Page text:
A native of Saskatoon, Jack Woodman was the
only RCAF pilot and one of only four pilots to
fly the Avro CF105 Arrow. With more than 60
different types of aircraft in his logbook, he
probably holds a record of sorts for the longest
spin. At about 118,000 ft.
in an F-104, the airplane pitched up and spun
for between 60,000 and 70,000 ft. before he was
able to get it under control. He is currently
Director of Flying Operations at Lockheed-California
Corp. Palmdale, Calif. The article below is an
abridged version of his paper "Flying The
Avro Arrow," presented at the Canadian Aeronautics
and Space Institute symposium at Winnipeg in May
It has been more than 19 years since the Arrow
program was cancelled. The Avro Arrow is still,
however, a subject of great interest among Canadian
aviators, and the program is still being talked
about. I'm sure that many people are still wondering
whether the decision to cancel the Arrow program
was the right decision. The Bomarc missile, which
was purchased in lieu of producing
the Arrow, turned out to be probably the biggest flop in missile history.
The F-101, which the RCAF later received, was only half the airplane the CF-105
would have been. Most of Canada's high-performance
design talent migrated to the U.K. and the U.S.
and apart from the fact that the Canadian aerospace
industry suffered a major setback, it was perhaps
a "swell" decision.
Personally, I thought it was a poor decision. However,
I'm not here to discuss politics, but rather,
I would like to describe for you as best I can remember
and from the limited material available, the design
of the Arrow, the flight test program, handling and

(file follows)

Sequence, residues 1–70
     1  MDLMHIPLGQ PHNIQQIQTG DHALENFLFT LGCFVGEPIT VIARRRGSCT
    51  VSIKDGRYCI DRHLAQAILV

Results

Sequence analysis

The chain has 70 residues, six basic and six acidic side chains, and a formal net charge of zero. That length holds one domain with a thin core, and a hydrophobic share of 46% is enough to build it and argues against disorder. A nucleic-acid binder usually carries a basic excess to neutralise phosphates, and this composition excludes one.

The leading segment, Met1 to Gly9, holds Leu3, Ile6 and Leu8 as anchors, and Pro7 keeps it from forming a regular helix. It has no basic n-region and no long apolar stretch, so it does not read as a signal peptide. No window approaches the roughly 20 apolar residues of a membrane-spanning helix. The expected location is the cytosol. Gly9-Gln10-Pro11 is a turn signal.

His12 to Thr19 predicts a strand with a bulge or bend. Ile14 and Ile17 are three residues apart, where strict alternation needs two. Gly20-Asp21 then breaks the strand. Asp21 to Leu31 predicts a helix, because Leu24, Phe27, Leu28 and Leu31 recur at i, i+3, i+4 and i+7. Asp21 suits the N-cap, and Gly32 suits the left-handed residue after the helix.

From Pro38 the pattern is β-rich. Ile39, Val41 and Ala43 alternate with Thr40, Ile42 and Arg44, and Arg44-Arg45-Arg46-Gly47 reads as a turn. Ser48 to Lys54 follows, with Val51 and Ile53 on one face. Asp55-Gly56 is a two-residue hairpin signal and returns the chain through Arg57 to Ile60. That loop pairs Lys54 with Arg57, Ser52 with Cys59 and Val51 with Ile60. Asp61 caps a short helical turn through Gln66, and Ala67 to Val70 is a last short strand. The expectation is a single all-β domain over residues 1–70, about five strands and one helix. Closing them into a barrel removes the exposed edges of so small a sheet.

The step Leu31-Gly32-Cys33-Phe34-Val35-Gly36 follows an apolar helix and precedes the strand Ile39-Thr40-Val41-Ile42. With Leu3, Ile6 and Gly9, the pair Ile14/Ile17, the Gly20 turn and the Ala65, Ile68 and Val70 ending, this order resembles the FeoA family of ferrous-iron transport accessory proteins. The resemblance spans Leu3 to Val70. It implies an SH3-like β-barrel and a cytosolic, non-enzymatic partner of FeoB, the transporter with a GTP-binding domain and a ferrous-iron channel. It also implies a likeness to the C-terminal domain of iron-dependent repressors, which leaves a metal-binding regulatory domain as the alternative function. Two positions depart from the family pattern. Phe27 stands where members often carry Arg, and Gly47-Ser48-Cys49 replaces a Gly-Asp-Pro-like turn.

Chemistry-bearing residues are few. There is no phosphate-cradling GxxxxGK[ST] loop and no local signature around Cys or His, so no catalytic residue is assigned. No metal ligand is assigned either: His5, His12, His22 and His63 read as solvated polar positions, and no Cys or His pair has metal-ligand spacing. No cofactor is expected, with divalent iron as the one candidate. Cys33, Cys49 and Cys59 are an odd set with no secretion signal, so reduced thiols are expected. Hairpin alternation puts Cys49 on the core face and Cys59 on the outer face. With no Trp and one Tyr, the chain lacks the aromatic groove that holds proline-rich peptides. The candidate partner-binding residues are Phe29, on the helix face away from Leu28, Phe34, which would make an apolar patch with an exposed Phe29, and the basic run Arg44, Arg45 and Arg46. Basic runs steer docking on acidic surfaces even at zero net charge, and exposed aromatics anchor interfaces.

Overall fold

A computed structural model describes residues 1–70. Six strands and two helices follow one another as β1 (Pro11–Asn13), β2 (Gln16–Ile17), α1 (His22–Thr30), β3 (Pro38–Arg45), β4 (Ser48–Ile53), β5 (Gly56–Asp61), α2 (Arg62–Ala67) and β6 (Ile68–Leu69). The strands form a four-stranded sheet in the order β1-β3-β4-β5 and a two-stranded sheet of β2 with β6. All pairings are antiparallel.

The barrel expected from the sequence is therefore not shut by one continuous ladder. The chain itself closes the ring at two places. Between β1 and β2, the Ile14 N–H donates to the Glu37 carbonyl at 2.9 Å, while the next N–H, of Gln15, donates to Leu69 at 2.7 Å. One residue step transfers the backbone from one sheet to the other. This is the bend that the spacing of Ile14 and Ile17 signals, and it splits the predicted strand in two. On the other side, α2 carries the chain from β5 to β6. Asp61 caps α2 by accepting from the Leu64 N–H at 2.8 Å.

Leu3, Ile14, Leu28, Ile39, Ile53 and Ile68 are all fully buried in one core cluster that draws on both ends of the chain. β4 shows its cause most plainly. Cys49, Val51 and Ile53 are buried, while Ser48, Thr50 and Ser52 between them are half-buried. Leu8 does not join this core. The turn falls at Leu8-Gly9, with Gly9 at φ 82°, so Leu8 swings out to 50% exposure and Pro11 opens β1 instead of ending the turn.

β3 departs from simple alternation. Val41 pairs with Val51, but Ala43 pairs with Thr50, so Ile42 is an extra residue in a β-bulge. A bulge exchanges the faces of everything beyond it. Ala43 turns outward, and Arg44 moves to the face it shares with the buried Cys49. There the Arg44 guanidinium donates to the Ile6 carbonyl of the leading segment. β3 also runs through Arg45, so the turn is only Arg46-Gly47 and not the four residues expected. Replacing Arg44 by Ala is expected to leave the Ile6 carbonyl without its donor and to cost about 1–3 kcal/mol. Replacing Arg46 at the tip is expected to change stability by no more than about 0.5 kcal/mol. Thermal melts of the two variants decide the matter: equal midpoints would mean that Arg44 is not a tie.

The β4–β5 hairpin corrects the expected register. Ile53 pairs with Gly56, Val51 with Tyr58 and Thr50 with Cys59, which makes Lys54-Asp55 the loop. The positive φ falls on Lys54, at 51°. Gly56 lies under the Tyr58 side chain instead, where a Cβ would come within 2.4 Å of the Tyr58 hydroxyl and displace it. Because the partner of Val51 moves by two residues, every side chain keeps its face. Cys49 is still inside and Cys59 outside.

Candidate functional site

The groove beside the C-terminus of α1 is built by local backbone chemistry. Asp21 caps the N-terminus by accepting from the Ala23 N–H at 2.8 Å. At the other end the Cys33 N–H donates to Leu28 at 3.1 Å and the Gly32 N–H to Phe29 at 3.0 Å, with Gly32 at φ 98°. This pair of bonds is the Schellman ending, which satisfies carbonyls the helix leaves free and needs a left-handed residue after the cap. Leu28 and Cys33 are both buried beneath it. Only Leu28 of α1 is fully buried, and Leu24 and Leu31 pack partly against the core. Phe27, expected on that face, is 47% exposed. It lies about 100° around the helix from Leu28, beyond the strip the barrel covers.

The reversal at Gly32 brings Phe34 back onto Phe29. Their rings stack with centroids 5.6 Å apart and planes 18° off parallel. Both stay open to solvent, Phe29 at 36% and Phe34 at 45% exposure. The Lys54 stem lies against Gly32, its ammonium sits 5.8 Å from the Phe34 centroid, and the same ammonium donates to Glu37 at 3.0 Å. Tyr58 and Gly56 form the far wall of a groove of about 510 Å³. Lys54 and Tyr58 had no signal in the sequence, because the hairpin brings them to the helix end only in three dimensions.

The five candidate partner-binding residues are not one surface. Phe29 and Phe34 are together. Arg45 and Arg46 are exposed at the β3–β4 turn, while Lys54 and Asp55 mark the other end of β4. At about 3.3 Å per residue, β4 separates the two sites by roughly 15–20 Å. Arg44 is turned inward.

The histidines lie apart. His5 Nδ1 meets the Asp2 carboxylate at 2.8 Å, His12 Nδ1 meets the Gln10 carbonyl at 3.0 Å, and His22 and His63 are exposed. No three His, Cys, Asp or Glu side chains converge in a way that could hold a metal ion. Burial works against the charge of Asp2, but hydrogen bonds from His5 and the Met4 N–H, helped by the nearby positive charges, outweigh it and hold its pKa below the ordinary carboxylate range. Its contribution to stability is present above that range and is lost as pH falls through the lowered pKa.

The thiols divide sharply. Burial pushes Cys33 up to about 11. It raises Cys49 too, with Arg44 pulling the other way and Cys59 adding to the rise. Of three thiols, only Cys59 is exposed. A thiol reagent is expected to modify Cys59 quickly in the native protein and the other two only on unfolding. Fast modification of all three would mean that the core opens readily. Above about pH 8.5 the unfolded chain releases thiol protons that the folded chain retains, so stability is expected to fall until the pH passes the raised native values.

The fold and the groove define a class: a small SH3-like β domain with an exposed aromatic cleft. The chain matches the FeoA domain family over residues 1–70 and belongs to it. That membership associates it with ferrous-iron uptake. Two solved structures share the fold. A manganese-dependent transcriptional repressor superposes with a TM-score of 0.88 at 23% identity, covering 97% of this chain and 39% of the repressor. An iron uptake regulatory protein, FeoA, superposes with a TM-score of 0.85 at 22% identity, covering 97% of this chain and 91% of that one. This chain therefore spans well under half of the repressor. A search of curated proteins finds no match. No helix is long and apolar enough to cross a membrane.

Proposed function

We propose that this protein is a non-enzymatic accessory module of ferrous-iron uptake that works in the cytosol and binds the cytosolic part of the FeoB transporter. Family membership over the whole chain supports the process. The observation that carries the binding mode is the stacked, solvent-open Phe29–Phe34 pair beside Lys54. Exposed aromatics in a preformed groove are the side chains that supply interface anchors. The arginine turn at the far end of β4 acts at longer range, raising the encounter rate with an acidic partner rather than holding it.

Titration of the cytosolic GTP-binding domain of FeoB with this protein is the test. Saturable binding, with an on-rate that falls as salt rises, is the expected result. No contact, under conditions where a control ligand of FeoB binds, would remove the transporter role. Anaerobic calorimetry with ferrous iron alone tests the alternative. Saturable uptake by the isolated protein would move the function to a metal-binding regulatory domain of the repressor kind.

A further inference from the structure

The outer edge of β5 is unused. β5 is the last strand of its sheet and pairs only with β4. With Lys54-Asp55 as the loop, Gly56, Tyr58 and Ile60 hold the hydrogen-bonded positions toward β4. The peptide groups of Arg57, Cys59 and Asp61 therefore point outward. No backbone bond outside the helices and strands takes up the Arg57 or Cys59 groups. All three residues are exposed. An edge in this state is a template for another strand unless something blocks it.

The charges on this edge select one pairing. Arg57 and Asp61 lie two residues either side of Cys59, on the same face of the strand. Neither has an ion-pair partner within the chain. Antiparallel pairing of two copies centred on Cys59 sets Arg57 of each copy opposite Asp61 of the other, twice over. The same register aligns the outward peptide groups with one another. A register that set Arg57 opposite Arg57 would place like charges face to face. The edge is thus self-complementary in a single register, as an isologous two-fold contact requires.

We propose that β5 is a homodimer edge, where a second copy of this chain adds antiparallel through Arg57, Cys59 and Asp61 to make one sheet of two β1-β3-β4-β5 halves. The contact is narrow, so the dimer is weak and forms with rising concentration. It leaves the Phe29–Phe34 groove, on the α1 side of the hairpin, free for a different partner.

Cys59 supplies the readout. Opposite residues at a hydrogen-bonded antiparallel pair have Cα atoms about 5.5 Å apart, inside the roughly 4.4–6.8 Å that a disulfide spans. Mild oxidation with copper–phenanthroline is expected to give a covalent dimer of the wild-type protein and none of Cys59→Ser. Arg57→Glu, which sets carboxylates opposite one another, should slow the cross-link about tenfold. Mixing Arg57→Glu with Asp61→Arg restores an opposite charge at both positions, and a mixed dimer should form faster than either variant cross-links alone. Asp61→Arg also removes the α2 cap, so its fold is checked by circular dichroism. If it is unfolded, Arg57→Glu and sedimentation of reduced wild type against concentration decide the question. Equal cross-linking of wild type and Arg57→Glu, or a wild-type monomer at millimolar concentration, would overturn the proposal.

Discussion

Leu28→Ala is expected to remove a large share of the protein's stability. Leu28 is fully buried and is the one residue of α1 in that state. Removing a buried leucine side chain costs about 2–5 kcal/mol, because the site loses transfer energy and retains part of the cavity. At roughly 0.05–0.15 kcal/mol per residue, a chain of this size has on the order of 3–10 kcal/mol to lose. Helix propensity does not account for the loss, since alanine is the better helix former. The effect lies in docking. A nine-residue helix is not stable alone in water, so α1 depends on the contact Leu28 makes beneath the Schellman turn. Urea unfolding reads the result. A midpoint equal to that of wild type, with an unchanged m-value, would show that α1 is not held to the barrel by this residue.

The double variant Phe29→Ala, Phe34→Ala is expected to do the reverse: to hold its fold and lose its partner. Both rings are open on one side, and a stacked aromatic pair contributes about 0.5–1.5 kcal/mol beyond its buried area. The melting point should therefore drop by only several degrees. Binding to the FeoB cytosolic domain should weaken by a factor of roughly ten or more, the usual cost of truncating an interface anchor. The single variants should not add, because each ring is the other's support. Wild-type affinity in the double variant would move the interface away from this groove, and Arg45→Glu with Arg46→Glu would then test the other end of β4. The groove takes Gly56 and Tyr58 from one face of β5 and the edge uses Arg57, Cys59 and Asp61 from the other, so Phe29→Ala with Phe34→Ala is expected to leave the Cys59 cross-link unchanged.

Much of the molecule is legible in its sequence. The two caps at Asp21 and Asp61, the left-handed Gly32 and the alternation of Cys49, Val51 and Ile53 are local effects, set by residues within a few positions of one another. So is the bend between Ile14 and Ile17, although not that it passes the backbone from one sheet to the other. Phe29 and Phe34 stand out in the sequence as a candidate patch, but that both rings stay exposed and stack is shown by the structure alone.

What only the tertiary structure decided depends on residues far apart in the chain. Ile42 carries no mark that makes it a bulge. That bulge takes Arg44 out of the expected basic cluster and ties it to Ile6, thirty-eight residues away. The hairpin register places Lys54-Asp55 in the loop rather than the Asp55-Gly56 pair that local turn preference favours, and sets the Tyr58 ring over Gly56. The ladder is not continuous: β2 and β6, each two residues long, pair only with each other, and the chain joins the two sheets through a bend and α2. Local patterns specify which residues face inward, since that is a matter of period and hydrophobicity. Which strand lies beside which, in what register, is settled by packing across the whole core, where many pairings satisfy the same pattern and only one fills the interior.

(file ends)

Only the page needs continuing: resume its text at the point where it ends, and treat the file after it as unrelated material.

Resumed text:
The go ahead for the design and development of
the Arrow was first authorized by the Canadian
Government in July of 1953 and was assigned the project
Preliminary design was complete the summer of 1954;
the first engine-runs Dec. 4, 1957; first taxi trials
Christmas Eve, 1957; and the first flight March 25,
Jan Zurakowski, Project
Pilot and Chief Development Pilot for A. V. Roe,
made the first flight, which lasted 35 minutes. Zurakowski,
the best test pilot I've ever known, reported good
flying qualities, no surprises, no trouble, and made
the general comment, "it
handled very nicely." John Plante, Executive
vice-president and general manager, said, "The
first flight on any aircraft is a tremendous achievement,
but we've got a lot of work to do yet." It was
a proud moment in Canadian aviation.
Unfortunately, less than one year
later, on Feb. 20, 1959, the Arrow program was cancelled.
The Canadian government elected to go with
the Bomarc missle rather than to develop and
produce the Arrow. Five airplanes had been built
and flown; the 6th, and the first to have a production
Orenda engine, was on the
line and ready to go. The aircraft, the reports,
and the paper work were all destroyed.
Approximately 68 hours of flight time
had been accumulated, and 95% of the flight envelope
partially explored. How ever, the capability and
potential of the aircraft and its weapons system
was never realized. When it was all over and done
with, only four pilots could say they had flown the
Avro Arrow, Jan Zurakowski, Spud Potocki, Pete Cope,
and myself. (One observer, on one flight, flew in
The Avro Arrow Mk.
1 was a twin-engine, two-seat, delta-winged, allweather
interceptor designed specifically to meet the peculiar
Canadian defense requirements.